Category Archives: comma use

To comma, or not to comma? That is the question.

Which way would you write this phrase:  “red, white, and blue” or “red, white and blue”?

In Maine, a court case involving around $10 million in back overtime pay came down to just this:  Is the comma before the word “and” needed in a series?

If you are thinking, “You gotta be kidding,” no I’m not.  The case of O’Connor v. Oakhurst Dairy, settled this month in a US Appeals Court in Maine, focused on whether some drivers deserved overtime.  That decision—yes, they do deserve overtime– came down to the lack of a comma in one of Maine’s overtime laws.

Here is the Maine law stating which workers don’t deserve overtime pay:

The canning, processing, preserving,
freezing, drying, marketing, storing,
packing for shipment or distribution of:
(1) Agricultural produce;
(2) Meat and fish products; and
(3) Perishable foods.

The problem is the lack of a comma after the word shipment.  Is the phrase “packing for shipment or distribution of” to be taken as a whole?  Or are the shipment and distribution two separate categories, neither of which deserves overtime?  If the law had a comma after the word shipment, distribution would not require overtime pay.

The court ruled that the lack of a comma after “shipment” made the law ambiguous even though it follows the written guidelines in the Maine Legislative Drafting Manual.  The court sided with the drivers distributing milk, saying they were entitled to overtime.

The AP Stylebook, which most reporters consult for grammar issues, says the final comma before “and” is not needed in most cases any more than is a comma needed for a two item series (bread and butter; not bread, and butter).  However, the style manuals used in colleges and universities do require the comma, and public schools where I live, in Georgia, teach that the comma is required.

There is a name for the comma before the word “and.”  It is called the Oxford comma.  I haven’t heard of a word for the lack of a comma, but for this discussion we might call it the AP comma rule.

Which practice do you use?  The Oxford comma?  The AP comma rule?  Usually I use the AP comma rule unless doing so leads to confusion.  Sometimes the AP comma rule can lead to what seems like an appositive rather than a continuation of a series, such as in “I want to thank my two political science teachers, President Obama and Hillary Clinton.”  If omitting the comma could lead to confusion, I include the comma.

The tendency in US writing is to leave out commas when the sentence is clear without punctuation.  For example, years ago I was taught that introductory adverbs like “now,” “later” and “then” need to be followed by a comma.  Yet the comma in “Then, I went home” seems silly.  I was also taught that compound sentences should use a comma after the first clause, but in the short sentence, “I fell and I hurt my leg,” a comma after “fell” seems ridiculous.

The first rule in writing anything is “Be clear.”  If leaving out a comma leads to ambiguity, use a comma. Otherwise, unless you are following a particular style book, the choice is yours.

By the way, when Shakespeare wrote “To be, or not to be,” in Act 3, Scene 1 of Hamlet, he used the Oxford comma.

When to use parentheses

Parentheses are marks of punctuation used to separate a word, phrase, or sentence from the rest of a sentence.  Here are some suggestions on how to use them.

parenthesesIf the parentheses contain words which are part of a sentence but not a complete sentence themselves, don’t use a period or a comma within the  parentheses.  The exception is when the words within the parentheses are a question or an exclamation.  Then use a question mark or an exclamation point as appropriate.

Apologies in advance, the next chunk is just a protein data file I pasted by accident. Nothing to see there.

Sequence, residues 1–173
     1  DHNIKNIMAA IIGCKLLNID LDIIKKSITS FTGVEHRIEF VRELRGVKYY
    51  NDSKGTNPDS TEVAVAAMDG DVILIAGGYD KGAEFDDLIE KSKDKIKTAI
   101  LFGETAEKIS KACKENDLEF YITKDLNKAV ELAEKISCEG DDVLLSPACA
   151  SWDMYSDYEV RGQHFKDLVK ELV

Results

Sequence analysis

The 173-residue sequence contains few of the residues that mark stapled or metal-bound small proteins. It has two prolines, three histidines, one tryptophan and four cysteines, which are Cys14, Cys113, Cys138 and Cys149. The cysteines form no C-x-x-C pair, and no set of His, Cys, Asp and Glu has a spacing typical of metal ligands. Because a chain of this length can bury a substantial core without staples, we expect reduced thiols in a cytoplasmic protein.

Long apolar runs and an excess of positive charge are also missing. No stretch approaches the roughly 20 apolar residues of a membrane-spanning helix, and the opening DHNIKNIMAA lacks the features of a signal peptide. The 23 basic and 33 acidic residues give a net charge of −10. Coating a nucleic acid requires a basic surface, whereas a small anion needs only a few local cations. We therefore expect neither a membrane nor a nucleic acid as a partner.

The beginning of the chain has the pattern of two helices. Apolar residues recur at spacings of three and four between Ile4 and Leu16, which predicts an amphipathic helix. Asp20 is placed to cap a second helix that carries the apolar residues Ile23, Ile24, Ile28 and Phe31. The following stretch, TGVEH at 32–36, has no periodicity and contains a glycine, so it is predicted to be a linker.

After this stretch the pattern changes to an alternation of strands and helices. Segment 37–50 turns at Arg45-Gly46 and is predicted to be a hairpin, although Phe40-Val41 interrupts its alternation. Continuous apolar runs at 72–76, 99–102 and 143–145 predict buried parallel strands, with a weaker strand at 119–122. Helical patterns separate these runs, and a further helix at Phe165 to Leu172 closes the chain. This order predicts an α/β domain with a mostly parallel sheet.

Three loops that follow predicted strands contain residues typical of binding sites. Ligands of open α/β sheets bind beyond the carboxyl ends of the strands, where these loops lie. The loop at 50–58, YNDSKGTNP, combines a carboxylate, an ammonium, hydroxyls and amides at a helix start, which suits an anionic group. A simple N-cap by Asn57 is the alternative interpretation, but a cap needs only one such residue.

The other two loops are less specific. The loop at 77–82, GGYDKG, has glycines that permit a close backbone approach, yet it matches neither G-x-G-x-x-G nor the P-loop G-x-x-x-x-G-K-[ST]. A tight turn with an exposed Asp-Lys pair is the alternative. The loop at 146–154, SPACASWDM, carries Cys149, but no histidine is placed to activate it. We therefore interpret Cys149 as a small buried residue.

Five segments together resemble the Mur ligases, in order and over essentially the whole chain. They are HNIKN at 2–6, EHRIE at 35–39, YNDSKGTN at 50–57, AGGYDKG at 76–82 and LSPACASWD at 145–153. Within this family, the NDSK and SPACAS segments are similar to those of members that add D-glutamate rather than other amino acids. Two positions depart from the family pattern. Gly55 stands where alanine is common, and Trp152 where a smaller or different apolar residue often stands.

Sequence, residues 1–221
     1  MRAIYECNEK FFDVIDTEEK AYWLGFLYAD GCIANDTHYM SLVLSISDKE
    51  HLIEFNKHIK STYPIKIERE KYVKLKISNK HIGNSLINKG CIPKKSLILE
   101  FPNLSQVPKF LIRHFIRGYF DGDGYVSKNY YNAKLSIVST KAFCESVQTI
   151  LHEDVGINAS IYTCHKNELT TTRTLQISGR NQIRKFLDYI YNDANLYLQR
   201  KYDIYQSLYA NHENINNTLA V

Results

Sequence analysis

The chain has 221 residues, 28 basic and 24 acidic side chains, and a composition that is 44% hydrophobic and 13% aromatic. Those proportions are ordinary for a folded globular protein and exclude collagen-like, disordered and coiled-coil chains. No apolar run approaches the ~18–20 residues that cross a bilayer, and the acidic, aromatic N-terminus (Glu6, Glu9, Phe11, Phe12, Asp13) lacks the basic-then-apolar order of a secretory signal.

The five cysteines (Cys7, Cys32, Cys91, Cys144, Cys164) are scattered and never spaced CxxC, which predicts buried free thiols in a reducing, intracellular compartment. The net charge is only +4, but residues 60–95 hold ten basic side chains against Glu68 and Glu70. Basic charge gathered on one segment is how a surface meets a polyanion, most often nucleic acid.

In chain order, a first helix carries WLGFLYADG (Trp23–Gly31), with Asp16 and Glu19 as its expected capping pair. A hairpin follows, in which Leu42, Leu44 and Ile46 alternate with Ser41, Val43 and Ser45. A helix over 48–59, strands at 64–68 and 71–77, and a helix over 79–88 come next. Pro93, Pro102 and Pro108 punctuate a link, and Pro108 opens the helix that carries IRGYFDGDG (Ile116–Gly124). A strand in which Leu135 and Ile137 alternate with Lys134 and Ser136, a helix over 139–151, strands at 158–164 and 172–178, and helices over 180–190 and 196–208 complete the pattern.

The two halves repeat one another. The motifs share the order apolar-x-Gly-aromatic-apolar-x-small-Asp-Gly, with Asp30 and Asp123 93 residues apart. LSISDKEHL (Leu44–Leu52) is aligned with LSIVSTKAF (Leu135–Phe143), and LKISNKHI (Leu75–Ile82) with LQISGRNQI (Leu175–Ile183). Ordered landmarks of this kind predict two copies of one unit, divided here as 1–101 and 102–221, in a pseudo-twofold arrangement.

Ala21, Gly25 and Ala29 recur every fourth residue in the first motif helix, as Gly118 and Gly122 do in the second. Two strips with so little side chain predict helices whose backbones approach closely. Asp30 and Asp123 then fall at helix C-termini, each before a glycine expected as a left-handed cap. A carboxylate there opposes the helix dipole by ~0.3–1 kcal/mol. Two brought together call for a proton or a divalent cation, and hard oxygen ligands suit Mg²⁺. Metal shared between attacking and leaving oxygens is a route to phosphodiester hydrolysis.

• My mother (but not my father) has blue eyes.
  • Both of my mother’s parents had blue eyes (no surprise there!).

If the words in parentheses are a complete sentence, use punctuation at the end of the sentence, within the parentheses. 

  • My father and his mother had brown eyes. (But they each had at least one parent with blue eyes.)
  • My father’s father had blue eyes. (So why didn’t my father have one brown eye and one blue eye?)

Parentheses within parentheses can be grammatically correct, but they can be confusing to the reader.  It’s a good idea to rewrite those ideas using one or no parentheses.

  • I have brown eyes (the brown from my father (who probably had a recessive blue gene, like me)).
  • I have brown eyes.  The brown gene came from my father, who probably had a recessive blue gene, as I do.

When a name can be reduced to its initials, say the complete name first, and immediately after the name put the initials in parentheses.  Later, when you use the initials in place of the name, you need to use an article in front of the initials.

  • Both my mother’s parents were born in the United States (US), but neither of my father’s parents were born in the US.

When writing a research paper, you will be directed by your teacher to to use a particular style book.  That style book will have  information on how to use parentheses for citations and specific Latin abbreviations.  If you are not told to use a particular style book, you can use the Associated Press (A.P.) style book, or you can use a dictionary.  Name that book in the references part of your paper.

In general, it is better not to use parentheses if you can separate information with commas, or if you can rewrite idea to obviate the need for parentheses.  Too many parentheses can muddy the meaning, and the first rule in good writing is to be clear.

When should I use a comma?

“When should I use a comma?” is the question about writing I am asked  more than any other.

student thinking about what to write

Below are the rules.  But experts disagree on many of them, and good writers ignore some of the rules.  If you are a student, ask your teacher what she expects.  Language is always changing, and that includes rules for writing language.  In general, as American English has become more informal, fewer commas are used today than in the past.